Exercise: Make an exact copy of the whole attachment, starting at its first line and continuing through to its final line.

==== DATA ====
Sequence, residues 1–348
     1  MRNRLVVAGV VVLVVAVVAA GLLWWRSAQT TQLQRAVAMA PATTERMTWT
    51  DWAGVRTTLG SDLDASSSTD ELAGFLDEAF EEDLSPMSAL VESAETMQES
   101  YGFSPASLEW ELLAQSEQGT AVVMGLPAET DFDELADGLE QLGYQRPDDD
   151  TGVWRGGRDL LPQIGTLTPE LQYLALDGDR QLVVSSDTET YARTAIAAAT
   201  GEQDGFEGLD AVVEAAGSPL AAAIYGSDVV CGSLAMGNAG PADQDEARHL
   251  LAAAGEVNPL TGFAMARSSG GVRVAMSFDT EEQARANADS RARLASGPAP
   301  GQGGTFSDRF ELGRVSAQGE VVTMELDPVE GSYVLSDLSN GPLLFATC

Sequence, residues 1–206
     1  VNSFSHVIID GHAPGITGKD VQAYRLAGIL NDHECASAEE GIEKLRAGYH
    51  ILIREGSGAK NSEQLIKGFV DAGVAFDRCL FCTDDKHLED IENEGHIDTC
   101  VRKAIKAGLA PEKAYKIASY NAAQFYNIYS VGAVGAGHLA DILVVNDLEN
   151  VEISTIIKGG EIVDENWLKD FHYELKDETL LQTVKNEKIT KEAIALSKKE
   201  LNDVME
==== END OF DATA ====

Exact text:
Sequence, residues 1–348
     1  MRNRLVVAGV VVLVVAVVAA GLLWWRSAQT TQLQRAVAMA PATTERMTWT
    51  DWAGVRTTLG SDLDASSSTD ELAGFLDEAF EEDLSPMSAL VESAETMQES
   101  YGFSPASLEW ELLAQSEQGT AVVMGLPAET DFDELADGLE QLGYQRPDDD
   151  TGVWRGGRDL LPQIGTLTPE LQYLALDGDR QLVVSSDTET YARTAIAAAT
   201  GEQDGFEGLD AVVEAAGSPL AAAIYGSDVV CGSLAMGNAG PADQDEARHL
   251  LAAAGEVNPL TGFAMARSSG GVRVAMSFDT EEQARANADS RARLASGPAP
   301  GQGGTFSDRF ELGRVSAQGE VVTMELDPVE GSYVLSDLSN GPLLFATC

Sequence, residues 1–206
     1  VNSFSHVIID GHAPGITGKD VQAYRLAGIL NDHECASAEE GIEKLRAGYH
    51  ILIREGSGAK NSEQLIKGFV DAGVAFDRCL FCTDDKHLED IENEGHIDTC
   101  VRKAIKAGLA PEKAYKIASY NAAQFYNIYS VGAVGAGHLA DILVVNDLEN
   151  VEISTIIKGG EIVDENWLKD FHYELKDETL LQTVKNEKIT KEAIALSKKE
   201  LNDVME